Flatback Sally Country
Rachel Custer’s Flatback Sally Country is hard-hitting and harrowing and almost hypnotically beautiful in its deft singing of the stories of America’s vast middle, of the flyover land pinned beneath the derision of coastal elites. Personas like Tommy Two Fingers, Old Maid, and Flatback Sally herself tell us of lives “lived alone behind / the turned back of the world,” nursing “the desperate shame // of broken teeth, of ugliness / that can’t afford disguise.” Think holler; think burnt-out, spit-out coal town; think meth; think whole communities sunk into the grave-deep rut of poverty. Violence is done in this book, to factory workers’ bodies “feeding [them]selves in pieces to machines” to keep America’s shelves stocked, and to women, especially those kinds of women, like Sally, so often hooked and gutted by men’s wants and needs. Flatback Sally Country is a timely, vitally important book by one of the most gifted young poets writing today.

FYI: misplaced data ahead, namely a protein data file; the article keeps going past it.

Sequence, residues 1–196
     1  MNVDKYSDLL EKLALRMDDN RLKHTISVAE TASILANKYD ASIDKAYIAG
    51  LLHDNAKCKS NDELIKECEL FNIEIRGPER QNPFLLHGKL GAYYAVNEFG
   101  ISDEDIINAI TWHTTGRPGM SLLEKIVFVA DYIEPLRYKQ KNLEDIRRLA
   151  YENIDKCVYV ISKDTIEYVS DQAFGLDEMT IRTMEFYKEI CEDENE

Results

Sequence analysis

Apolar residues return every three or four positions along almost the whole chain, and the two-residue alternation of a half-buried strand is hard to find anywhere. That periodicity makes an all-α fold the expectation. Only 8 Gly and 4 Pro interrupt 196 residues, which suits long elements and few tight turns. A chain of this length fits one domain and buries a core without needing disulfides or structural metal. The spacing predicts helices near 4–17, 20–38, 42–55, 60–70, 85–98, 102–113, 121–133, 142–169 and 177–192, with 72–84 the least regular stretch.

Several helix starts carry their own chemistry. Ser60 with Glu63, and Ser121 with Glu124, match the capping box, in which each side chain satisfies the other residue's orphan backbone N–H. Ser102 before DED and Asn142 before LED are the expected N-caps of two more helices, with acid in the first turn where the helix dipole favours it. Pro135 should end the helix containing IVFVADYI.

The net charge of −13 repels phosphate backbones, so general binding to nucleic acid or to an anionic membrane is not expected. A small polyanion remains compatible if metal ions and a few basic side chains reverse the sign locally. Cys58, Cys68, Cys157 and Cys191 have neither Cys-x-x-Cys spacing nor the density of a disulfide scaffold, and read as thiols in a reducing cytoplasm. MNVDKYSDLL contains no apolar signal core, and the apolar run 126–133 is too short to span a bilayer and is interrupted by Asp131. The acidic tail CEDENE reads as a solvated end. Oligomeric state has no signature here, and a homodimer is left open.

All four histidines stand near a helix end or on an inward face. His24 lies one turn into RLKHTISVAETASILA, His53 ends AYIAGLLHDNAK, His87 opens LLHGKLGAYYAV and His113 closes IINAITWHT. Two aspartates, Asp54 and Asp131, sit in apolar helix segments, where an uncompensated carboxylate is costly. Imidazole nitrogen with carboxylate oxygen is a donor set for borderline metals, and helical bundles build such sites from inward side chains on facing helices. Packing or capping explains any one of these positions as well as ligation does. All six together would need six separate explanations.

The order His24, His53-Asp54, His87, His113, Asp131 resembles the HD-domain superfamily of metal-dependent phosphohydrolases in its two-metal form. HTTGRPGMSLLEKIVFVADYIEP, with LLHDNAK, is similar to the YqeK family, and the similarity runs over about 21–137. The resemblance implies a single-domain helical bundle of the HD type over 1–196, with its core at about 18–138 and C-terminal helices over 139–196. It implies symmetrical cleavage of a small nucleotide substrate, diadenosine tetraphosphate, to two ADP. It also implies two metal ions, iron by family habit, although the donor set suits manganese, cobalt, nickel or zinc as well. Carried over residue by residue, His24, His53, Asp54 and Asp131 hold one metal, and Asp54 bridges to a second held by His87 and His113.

—Francesca Bell, What Small Sound